“I remember Thomas Robinson used to want to fight a guy on a free throw miss if anybody else ever got the rebound,” Self recalled of KU’s 2011-12 All-American. “That was his way to pad his stats. And if a guard ever went in there and took his ball, he would be visibly mad. Our big guys don’t think like that. So I hope that we start doing that. That’s the thing that we need to be doing as much as anything.”

De Sousa, who was the most active of the three KU big men in the win over CU — three rebounds, two offensive — said the Jayhawks were well aware of what they needed to do on the glass moving forward.

“Being more active,” he said. “That’s one thing we’re going to have to do. And knowing the perfect time and spots to be on the court, that’s what we’ll figure out.”

Despite their limited height, the Panthers actually are averaging more rebounds per game than Kansas entering tonight’s contest, 40.3-37.8.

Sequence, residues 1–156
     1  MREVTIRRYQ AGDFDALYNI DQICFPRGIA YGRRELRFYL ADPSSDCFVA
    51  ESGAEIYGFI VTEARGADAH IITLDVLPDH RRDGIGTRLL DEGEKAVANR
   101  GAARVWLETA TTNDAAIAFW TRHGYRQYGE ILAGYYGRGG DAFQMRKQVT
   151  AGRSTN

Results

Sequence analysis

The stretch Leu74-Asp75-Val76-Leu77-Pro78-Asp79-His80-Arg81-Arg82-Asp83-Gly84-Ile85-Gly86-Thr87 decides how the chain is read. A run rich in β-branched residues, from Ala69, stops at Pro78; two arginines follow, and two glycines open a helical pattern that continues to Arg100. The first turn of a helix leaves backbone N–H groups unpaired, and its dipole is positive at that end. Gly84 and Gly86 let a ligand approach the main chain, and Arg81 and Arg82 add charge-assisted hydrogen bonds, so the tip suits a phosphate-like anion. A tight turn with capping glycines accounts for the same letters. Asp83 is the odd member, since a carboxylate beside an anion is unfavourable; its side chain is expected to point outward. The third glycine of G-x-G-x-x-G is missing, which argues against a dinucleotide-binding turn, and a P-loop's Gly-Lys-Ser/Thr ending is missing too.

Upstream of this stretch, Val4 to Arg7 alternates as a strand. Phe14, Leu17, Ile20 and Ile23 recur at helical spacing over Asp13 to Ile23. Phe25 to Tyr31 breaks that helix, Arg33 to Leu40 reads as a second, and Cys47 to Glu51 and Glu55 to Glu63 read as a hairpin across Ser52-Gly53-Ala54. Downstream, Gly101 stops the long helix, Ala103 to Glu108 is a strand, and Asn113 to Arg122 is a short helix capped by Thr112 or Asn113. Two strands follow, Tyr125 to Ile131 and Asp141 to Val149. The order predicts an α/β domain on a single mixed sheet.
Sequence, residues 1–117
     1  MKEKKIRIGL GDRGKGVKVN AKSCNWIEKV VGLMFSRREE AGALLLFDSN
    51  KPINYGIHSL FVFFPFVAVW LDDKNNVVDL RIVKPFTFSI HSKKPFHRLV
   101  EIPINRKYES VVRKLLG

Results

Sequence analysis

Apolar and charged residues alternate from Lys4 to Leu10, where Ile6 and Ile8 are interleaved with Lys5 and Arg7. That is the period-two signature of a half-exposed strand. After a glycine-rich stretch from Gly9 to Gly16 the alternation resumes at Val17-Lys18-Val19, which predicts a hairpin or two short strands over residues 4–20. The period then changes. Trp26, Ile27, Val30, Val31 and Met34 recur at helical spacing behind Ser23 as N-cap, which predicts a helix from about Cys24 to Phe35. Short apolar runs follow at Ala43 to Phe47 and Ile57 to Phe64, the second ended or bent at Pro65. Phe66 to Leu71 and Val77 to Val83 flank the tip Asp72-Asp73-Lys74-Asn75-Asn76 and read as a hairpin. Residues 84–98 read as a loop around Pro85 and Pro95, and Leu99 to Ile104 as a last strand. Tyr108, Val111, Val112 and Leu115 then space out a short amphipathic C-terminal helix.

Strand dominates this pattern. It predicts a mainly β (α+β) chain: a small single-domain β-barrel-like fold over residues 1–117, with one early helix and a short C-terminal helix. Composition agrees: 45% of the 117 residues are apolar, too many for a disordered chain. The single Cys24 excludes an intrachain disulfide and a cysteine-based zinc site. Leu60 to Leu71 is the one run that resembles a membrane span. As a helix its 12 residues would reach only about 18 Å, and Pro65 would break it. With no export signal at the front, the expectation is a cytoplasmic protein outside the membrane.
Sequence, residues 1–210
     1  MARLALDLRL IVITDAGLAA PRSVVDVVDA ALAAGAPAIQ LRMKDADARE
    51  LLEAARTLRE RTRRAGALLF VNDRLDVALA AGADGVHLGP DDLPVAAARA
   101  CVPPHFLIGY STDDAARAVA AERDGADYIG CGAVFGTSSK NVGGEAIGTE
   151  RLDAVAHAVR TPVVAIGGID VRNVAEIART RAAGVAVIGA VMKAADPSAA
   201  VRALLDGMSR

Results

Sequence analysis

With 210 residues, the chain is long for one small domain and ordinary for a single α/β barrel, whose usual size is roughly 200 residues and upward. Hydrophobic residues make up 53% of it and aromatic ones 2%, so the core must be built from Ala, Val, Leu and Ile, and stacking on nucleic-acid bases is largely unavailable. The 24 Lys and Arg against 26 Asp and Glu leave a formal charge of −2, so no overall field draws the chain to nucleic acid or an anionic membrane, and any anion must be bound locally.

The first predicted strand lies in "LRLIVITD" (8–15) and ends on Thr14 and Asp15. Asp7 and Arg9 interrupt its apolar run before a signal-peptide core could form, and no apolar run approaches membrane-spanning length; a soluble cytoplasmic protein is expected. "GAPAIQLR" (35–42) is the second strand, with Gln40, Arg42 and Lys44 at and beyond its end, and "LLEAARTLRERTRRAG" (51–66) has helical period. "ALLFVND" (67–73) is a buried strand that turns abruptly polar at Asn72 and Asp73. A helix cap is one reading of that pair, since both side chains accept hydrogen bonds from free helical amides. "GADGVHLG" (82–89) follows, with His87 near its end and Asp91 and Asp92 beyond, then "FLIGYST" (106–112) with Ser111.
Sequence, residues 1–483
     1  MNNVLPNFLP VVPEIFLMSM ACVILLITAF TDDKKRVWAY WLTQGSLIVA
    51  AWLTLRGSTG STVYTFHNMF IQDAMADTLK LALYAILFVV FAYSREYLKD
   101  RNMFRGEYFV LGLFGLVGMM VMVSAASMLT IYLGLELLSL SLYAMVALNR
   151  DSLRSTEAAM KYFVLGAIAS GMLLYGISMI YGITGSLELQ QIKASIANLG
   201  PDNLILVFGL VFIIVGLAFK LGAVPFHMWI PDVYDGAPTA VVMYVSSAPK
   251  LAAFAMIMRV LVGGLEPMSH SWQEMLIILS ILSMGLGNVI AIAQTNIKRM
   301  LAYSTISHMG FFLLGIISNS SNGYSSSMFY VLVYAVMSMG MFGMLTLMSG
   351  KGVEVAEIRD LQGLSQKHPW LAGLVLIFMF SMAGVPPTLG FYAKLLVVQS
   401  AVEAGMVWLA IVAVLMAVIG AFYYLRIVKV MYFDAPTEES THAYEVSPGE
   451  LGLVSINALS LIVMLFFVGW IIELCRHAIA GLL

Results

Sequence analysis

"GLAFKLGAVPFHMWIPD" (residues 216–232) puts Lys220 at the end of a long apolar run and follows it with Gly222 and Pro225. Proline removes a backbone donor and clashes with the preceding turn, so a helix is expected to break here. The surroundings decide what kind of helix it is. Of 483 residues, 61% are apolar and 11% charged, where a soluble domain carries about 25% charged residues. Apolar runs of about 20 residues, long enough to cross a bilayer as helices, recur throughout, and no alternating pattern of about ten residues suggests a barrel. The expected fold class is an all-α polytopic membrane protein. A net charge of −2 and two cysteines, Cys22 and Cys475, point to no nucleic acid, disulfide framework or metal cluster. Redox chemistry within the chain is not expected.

Watch the Milwaukee offensive end as the biggest sign of KU’s focus on the glass. Colorado grabbed 17 offensive rebounds against KU last Saturday, and four other teams have recorded at least 10 offensive boards against the Jayhawks so far this season.

2. Improve transition passing

KU’s transition game also has been a point of emphasis during recent weeks, with Self saying Monday that the Jayhawks would be averaging 6 more points per game (87.6 instead of 81.6) if they “were just pretty good at converting let alone being really good.”

Transition turnovers have been equal opportunity for the Jayhawks so far this season, with some of their best athletes and top ball handlers being the biggest culprits.